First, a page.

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Hernia Mesh Devices - A History of Failure

Hernia mesh repair devices are unnecessary and are complicating a relatively straightforward surgical procedure

Friday, November 2, 2018 - Thousands of hernia mesh lawsuits have brought new light to how advances in medical technology can create problems that previously did not exist. They also bring into question the approval process for new medical devices.

Hernias occur when a weakened intestinal or abdominal wall allows a small portion of the intestines to protrude through it causing a bulge. The spot of a hernia is usually more tender to the touch than normal. Hernias are generally treated with a "watch and wait" attitude by physicians. Indication that surgery may be necessary are pain, redness, swelling or bloating occurs indicating that the intestines have become strangulated with the potential to cause a dangerous blockage or reduce the blood supply to that portion of the intestines. Hernias today are repaired using laparoscopic surgery requiring an incision of only 1 to 2 centimeters. The most common forms of a hernia are inguinal, incisional and femoral. Most inguinal hernias are hereditary and occur in men. An incisional hernia can occur near an area of the abdominal wall that has been weakened by surgery. Femoral hernias occur in women during pregnancy or due to obesity. Being overweight increases the risk of developing a hernia in all people. For over a decade, surgeons have used a hernia repair mesh product to reinforce the surgically repaired abdominal wall.

Hernia repair mesh has come under fire for failing to live up to its expectations. Since around 1960, surgeons have used polypropylene mesh to reinforce hernias with mixed results. As it turns out, polypropylene has been found to be incompatible with organic tissue when placed inside the human body. As a result, hernia mesh devices tend to shrink, crumple and buckle when attacked by the body's natural immune system. When this occurs infections can develop in the abdominal wall allowing a hernia mesh to pull free from the area it was intended to support. According to the FDA, signs to look for that indicate a hernia mesh device has failed include, "pain, infection, hernia recurrence, adhesion, and bowel obstruction. Some other potential adverse events that can occur following hernia repair with mesh are mesh migration and mesh shrinkage (contraction)." (1) When a hernia repair mesh product pulls free and migrates it usually ends up in the lower abdominal cavity where it can cause serious bowel or intestinal perforation and/or blockages.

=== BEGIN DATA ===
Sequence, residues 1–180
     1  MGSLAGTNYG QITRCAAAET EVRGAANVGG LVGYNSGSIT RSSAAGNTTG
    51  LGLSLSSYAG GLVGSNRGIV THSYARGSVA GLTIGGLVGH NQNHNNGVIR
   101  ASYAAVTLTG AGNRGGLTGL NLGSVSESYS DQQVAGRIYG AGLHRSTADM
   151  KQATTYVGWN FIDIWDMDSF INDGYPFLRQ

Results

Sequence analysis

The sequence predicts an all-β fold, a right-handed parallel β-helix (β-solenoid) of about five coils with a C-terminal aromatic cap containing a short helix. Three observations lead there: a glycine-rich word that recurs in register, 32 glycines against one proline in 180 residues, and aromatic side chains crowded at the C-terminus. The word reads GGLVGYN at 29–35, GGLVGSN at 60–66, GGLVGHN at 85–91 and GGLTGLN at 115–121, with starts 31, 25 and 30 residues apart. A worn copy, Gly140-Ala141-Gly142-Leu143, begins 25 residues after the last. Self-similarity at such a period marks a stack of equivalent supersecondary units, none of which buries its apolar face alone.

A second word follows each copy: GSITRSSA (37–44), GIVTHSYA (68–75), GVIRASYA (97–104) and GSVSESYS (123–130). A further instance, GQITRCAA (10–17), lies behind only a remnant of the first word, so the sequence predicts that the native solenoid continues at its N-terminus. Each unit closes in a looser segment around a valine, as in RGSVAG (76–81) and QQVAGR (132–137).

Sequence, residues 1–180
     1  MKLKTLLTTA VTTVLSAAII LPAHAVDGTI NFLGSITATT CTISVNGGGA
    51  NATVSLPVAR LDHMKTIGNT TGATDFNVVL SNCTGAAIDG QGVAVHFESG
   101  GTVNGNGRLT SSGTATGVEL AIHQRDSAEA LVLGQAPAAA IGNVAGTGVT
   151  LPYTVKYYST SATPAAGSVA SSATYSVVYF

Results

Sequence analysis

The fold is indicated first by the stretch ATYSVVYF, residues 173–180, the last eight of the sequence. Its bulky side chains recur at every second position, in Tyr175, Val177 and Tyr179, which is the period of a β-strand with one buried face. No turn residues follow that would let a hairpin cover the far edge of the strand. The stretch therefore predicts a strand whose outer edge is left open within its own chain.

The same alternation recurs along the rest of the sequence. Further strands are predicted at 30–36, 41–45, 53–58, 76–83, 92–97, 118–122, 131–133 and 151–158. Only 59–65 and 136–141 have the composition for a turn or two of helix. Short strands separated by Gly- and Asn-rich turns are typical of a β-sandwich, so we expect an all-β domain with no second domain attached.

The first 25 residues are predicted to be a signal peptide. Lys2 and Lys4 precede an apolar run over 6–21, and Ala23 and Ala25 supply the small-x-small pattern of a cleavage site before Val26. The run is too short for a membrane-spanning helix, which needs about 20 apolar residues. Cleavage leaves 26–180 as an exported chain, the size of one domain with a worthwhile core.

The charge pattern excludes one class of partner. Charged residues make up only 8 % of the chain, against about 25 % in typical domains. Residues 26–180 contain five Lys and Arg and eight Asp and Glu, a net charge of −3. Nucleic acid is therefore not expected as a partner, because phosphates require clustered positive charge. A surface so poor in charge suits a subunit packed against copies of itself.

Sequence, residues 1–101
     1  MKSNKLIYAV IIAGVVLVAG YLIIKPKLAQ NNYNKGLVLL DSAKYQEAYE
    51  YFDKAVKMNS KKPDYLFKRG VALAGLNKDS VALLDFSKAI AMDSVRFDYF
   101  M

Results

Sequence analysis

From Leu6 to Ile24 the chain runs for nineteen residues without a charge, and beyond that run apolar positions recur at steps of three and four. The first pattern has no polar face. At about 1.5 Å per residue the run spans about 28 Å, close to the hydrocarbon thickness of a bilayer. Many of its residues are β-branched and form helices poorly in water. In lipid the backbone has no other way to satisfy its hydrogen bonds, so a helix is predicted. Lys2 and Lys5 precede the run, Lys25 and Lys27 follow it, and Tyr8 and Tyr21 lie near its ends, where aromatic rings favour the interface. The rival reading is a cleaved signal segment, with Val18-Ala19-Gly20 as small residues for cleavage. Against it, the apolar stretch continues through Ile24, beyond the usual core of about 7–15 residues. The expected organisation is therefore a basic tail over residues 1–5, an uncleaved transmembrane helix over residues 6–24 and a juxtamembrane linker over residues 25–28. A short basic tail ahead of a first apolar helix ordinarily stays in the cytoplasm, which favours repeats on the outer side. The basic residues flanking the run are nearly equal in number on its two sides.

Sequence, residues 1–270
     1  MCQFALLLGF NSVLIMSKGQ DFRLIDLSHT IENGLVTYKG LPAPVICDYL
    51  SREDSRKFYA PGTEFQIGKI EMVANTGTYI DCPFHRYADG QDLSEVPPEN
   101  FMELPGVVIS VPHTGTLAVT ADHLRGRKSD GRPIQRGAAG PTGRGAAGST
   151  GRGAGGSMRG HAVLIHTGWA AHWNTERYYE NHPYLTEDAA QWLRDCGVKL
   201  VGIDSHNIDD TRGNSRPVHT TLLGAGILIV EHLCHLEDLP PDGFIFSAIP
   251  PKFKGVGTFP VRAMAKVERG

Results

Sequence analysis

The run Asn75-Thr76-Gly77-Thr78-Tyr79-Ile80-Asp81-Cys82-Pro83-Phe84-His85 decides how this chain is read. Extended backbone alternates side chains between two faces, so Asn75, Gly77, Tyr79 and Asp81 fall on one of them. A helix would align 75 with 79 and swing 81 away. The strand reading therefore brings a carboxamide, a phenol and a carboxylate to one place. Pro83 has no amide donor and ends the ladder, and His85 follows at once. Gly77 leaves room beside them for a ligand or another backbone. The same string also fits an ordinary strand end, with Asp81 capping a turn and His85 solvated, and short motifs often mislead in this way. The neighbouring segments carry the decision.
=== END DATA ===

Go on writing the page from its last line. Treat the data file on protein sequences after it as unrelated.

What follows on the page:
Since the year 2006, a high number of revision surgeries have forced the FDA or the companies themselves to recall or withdraw their polypropylene hernia mesh devices from the market. In 2006, Davol, Inc., a subsidiary of C.R. Bard, Inc., recalled a number of models and sizes of its Bard Composix Kugel Mesh Patch due to the device tending to break free and migrate to the lower abdomen and perforating it. This device was used after the repair of "ventral (incisional) hernias caused by thinning or stretching of scar tissue that forms after surgery." (2) In 2013, the FDA issued a Class II recall of the Atrium's C-QUR was recalled because the device would decompose and stick to its packaging under conditions of high heat or high humidity. In 2016, Ethicon, a division of Johnson & Johnson, voluntarily pulled the Physiomesh hernia repair device from the market due to a higher than expected number of required revision surgeries reported to the European hernia database, Herniamed.





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OnderLaw, LLC is a St. Louis personal injury law firm handling serious injury and death claims across the country. Its mission is the pursuit of justice, no matter how complex the case or strenuous the effort. OnderLaw has represented clients throughout the United States in pharmaceutical and medical device litigation such as Pradaxa, Lexapro and Yasmin/Yaz, where the firm's attorneys held significant leadership roles in the litigation, as well as Actos, DePuy, Risperdal and others. OnderLaw has won more than $300 million in four talcum powder ovarian cancer lawsuits in St. Louis. Law firms throughout the nation often seek its experience and expertise on complex litigation.